He added that the fall in oil prices in the mid-1980s had a “significant impact on the economic situation”, as “austerity measures” were taken in many sectors with the aim of ensuring that “the food and medical insurance plans and expenditures to support the war effort were unaffected.

He continued that the Military Industrialization Command, represented by Lieutenant General Hussein Kamel, has adopted a policy of expanding the military-industrial base…

“These many, broad and ambitious goals (…) required quite a bit of financial resources,” Al-Rawi said.

He explained, “Oil revenues have not met the previously mentioned targets. A fierce competition emerged between the Military Industrialization Authority and the rest of the ministries… Lt. Gen. Hussein Kamel had the final say in the state, due to the reputation he had gained in developing military production during the last years of the war with Iran, and its relationship of kinship and affinity with the late president…”

The invasion of Kuwait and the sanctions

The author spoke of the period following the Iraqi invasion of Kuwait in 1990:

He said that when President George Bush imposed a complete US embargo on Iraq and froze his assets and properties in the United States, he went on the morning of August 3, 1990 to the Central Bank to examine the assets in hard currency from Iraq in foreign banks. and central bank reserves, in his capacity as Minister of Commerce and Acting Minister of Finance.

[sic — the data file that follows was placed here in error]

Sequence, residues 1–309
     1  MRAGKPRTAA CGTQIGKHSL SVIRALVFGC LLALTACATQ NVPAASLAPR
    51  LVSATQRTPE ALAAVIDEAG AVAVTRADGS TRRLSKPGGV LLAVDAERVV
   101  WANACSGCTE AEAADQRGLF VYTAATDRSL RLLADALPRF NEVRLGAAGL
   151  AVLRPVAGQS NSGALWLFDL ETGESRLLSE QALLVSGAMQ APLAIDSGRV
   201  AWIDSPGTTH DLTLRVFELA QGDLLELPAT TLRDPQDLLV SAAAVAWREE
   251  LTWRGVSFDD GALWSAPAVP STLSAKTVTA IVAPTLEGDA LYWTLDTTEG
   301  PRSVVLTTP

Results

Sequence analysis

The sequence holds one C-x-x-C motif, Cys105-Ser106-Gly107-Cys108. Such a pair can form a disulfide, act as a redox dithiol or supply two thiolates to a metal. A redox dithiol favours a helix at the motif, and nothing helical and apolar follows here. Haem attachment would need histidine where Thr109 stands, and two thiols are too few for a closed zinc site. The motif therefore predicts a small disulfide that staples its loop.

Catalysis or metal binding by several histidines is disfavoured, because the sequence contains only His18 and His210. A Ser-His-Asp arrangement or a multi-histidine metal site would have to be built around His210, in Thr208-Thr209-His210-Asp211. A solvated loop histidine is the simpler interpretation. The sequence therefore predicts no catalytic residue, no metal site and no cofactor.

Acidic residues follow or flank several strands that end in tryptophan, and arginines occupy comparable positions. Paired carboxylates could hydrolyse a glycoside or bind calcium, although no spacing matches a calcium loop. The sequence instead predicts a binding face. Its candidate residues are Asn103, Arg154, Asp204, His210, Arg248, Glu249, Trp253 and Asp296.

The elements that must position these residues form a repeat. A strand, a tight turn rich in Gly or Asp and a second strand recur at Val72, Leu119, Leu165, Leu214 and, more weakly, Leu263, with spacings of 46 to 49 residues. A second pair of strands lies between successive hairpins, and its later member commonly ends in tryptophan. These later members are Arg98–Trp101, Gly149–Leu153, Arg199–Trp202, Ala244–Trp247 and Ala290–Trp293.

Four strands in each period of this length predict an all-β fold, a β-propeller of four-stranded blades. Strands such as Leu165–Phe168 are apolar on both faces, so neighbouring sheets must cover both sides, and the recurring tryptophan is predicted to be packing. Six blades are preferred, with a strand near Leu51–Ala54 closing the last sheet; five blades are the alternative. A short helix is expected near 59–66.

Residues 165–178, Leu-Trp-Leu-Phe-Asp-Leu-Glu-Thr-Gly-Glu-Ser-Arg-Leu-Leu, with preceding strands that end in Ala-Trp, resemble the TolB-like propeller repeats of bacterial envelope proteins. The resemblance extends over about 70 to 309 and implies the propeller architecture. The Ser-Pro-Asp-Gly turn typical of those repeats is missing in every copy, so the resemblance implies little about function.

Al-Rawi noted that he had asked the Governor of the Central Bank to immediately start transferring foreign deposits from Iraq to the Central Bank of Jordan, but he refrained, saying that the Central Bank was not returning account to the Minister of Finance, but to the presidential Diwan. .

On Iraqi preparations for the Kuwait Liberation War in 1991, the author indicated that the needs of all governorates to prevent any food shortages during the war.

“Strategic stockpiling has focused on Karbala and Najaf governorates, as these are two religious governorates that are not at risk of aerial bombardment. The same goes for the autonomous provinces, which are also considered safe provinces. In addition, the owners of mills and kilns in Baghdad and in the governorates were informed to guarantee sufficient storage of fuel to continue their work if the oil installations were targeted by bombardments (…)”

“A week before the expiry of the deadline set by the Security Council, I traveled to Amman, and from there to Yemen to meet the late President Ali Abdullah Saleh…

Al-Rawi said that during a lunch invitation, Yemeni leaders told him that the war would take place and that the main objective of the coalition army was to destroy the Iraqi army.

Al-Rawi spoke of the start of the US strikes in January 1991, saying: “The air attack by coalition forces went beyond the objective of withdrawing Iraqi forces from Kuwait to carry out a destructive plan for Iraq and undermine all the achievements that the country has made and that have nothing to do with the war.